Single-cell enabled comparative genomics of a deep ocean SAR11 bathytype.
Nature Publishing Group
© 2014 International Society for Microbial Ecology
Bacterioplankton of the SAR11 clade are the most abundant microorganisms in marine systems, usually representing 25% or more of the total bacterial cells in seawater worldwide. SAR11 is divided into subclades with distinct spatiotemporal distributions (ecotypes), some of which appear to be specific to deep water. Here we examine the genomic basis for deep ocean distribution of one SAR11 bathytype (depth-specific ecotype), subclade Ic. Four single-cell Ic genomes, with estimated completeness of 55%-86%, were isolated from 770 m at station ALOHA and compared with eight SAR11 surface genomes and metagenomic datasets. Subclade Ic genomes dominated metagenomic fragment recruitment below the euphotic zone. They had similar COG distributions, high local synteny and shared a large number (69%) of orthologous clusters with SAR11 surface genomes, yet were distinct at the 16S rRNA gene and amino-acid level, and formed a separate, monophyletic group in phylogenetic trees. Subclade Ic genomes were enriched in genes associated with membrane/cell wall/envelope biosynthesis and showed evidence of unique phage defenses. The majority of subclade Ic-specfic genes were hypothetical, and some were highly abundant in deep ocean metagenomic data, potentially masking mechanisms for niche differentiation. However, the evidence suggests these organisms have a similar metabolism to their surface counterparts, and that subclade Ic adaptations to the deep ocean do not involve large variations in gene content, but rather more subtle differences previously observed deep ocean genomic data, like preferential amino-acid substitutions, larger coding regions among SAR11 clade orthologs, larger intergenic regions and larger estimated average genome size.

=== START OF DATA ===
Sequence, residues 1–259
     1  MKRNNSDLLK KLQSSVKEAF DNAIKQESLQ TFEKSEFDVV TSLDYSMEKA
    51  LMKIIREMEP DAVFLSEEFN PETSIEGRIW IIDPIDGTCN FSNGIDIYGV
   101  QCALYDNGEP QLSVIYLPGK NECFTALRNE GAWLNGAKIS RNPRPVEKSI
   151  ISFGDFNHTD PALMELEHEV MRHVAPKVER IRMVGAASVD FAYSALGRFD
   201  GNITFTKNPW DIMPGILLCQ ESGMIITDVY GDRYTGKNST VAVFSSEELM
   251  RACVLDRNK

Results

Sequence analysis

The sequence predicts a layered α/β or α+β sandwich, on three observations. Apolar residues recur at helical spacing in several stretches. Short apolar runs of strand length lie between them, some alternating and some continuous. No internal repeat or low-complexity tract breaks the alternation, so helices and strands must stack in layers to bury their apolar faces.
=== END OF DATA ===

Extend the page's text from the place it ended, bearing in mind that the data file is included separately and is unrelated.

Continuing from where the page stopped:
This work was supported by the Gordon and Betty Moore Foundation (SJG and EFD), the US Department of Energy Joint Genome Institute (JGI) Community Supported Program grant 2011-387 (RS, BKS, EFD, SJG), National Science Foundation (NSF) Science and Technology Center Award EF0424599 (EFD), NSF awards EF-826924 (RS), OCE-821374 (RS) and OCE-1232982 (RS and BKS), and is based on work supported by the NSF under Award no. DBI-1003269 (JCT). Sequencing was conducted by JGI and supported by the Office of Science of the US Department of Energy under Contract No. DE-AC02-05CH11231.
This is the author's accepted mansucript.
Final version available from Nature via the DOI in this record.
Vol. 8, pp. 1440 - 1451
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